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Congressman Al Lawson

Representing the 5th District of Florida

McClatchy: Florida, like Trump, considered saving money by cutting food stamps

June 6, 2017
In The News

WASHINGTON - It’s not just President Donald Trump trying to cut back on food stamps.

Months before Trump submitted a federal budget that would ax $193 billion from the benefits program, Florida lawmakers earlier this year tried – and failed – to cut money from the state’s share of the Supplemental Nutrition Assistance Program, pushing legislation that would have cut off all but the neediest families.

On the federal level, Trump’s proposed 2018 budget would slash about 25 percent of the budget from the program, known as SNAP, over the next decade. Citing decreases in unemployment coupled with “persistently high” SNAP participation since the onset of the recession, Trump’s budget specifically calls for closing eligibility loopholes and requiring able-bodied adults who receive SNAP benefits to work.

Many Democrats in Congress are decrying the proposal. But the idea has some traction outside Washington, evidence that Trump’s message of protecting taxpayers from spending too much on entitlement programs for the poor is echoed around the country.

In Florida, state lawmakers attempted to restrict SNAP eligibility earlier this year with legislation that would have limited food stamps to families that earn less than 130 percent of the federal poverty level, or $2,633 a month for a family of four. Currently, the state’s gross income limit is 200 percent or less than that of the federal poverty level.

SNAP participation nationally has reached its lowest levels since July 2010, with Florida losing nearly 11 percent of participants since January of last year, according to the Department of Agriculture. State Republicans attributed this decline to Florida’s improved 4.5 percent unemployment rate.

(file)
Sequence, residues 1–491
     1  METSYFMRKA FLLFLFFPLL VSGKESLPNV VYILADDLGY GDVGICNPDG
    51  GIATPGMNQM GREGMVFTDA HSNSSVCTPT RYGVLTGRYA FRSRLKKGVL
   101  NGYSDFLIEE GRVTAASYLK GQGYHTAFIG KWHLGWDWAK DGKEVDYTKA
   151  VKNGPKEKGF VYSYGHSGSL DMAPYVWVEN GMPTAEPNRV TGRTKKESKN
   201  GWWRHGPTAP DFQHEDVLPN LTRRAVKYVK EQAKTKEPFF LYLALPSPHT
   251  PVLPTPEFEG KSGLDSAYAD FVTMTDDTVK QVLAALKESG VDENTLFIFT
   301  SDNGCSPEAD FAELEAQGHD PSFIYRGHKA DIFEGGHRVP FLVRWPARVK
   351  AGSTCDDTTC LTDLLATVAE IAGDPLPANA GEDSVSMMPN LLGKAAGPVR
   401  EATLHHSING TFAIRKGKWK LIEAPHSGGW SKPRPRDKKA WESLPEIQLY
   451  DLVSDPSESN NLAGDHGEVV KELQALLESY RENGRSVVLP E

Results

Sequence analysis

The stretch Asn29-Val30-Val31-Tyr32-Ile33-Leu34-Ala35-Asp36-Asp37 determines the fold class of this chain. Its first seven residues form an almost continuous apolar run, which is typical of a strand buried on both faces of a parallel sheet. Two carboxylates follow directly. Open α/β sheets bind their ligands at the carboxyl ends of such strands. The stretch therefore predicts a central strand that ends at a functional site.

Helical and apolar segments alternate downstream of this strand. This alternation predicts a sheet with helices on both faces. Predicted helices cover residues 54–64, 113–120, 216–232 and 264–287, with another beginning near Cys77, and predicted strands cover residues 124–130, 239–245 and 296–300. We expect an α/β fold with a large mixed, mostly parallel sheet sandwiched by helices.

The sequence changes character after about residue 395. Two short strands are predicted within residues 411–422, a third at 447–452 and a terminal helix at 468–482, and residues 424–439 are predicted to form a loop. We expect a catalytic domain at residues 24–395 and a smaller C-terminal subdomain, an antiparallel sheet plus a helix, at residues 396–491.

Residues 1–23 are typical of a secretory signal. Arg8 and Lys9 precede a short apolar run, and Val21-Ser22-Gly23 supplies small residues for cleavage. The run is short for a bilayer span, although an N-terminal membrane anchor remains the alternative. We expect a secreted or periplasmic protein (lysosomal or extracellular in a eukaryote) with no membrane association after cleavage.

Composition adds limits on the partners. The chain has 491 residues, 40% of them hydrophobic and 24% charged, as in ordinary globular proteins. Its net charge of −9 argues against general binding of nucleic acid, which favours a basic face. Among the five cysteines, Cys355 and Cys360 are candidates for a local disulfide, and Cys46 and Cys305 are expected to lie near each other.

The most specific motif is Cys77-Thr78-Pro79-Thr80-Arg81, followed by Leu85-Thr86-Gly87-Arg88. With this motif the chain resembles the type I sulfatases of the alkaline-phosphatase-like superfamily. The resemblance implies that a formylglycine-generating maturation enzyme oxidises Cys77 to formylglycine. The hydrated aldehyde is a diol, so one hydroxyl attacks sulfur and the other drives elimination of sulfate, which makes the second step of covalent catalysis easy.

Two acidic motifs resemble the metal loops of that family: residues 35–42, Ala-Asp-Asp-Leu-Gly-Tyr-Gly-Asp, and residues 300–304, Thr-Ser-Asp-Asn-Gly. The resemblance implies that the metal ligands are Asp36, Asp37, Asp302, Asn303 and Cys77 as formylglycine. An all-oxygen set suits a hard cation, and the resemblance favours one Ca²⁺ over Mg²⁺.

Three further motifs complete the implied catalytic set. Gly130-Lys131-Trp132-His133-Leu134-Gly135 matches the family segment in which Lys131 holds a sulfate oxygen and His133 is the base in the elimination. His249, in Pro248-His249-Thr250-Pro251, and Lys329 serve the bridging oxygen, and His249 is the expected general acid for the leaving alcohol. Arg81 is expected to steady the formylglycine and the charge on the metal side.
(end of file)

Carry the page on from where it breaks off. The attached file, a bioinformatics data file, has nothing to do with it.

“It’s an acknowledgment of unemployment going from over 12 percent to around 4 percent,” said Republican State Rep. Frank White, whose legislation would have taken nearly 230,000 enrollees off food stamps. The bill passed two committees along party lines but died prior to reaching the Florida House floor.

While the unemployment rate strongly correlates with food stamp usage, Ellen Vollinger, legal director with the Food and Research Action Center, a D.C.-based nonprofit that works to eradicate poverty-related hunger, said states with sharp declines in participation such as Florida have legal provisions that disproportionately restrict access to needy people who have trouble re-entering the workforce.

Under the 1996 welfare reform law signed by President Bill Clinton, food stamp recipients who are able-bodied adults without dependents must meet work requirements such as unsubsidized paid employment or subsidized employment and on-the-job training unless granted a waiver by the state. Those who do not meet the requirements can only receive SNAP benefits for up to three months out of every three years.